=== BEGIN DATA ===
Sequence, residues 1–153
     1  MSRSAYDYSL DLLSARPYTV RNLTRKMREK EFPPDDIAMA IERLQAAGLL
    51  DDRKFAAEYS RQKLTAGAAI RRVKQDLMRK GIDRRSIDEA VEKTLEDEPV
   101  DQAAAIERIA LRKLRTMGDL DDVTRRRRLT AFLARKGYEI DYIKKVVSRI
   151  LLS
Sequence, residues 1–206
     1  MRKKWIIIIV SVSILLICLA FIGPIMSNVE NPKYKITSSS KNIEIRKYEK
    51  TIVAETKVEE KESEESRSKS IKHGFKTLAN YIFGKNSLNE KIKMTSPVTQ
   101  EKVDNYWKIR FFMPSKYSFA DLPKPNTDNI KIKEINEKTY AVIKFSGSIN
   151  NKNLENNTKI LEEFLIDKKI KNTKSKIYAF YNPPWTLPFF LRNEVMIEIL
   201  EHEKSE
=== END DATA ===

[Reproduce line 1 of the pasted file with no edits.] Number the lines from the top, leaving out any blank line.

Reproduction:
Sequence, residues 1–153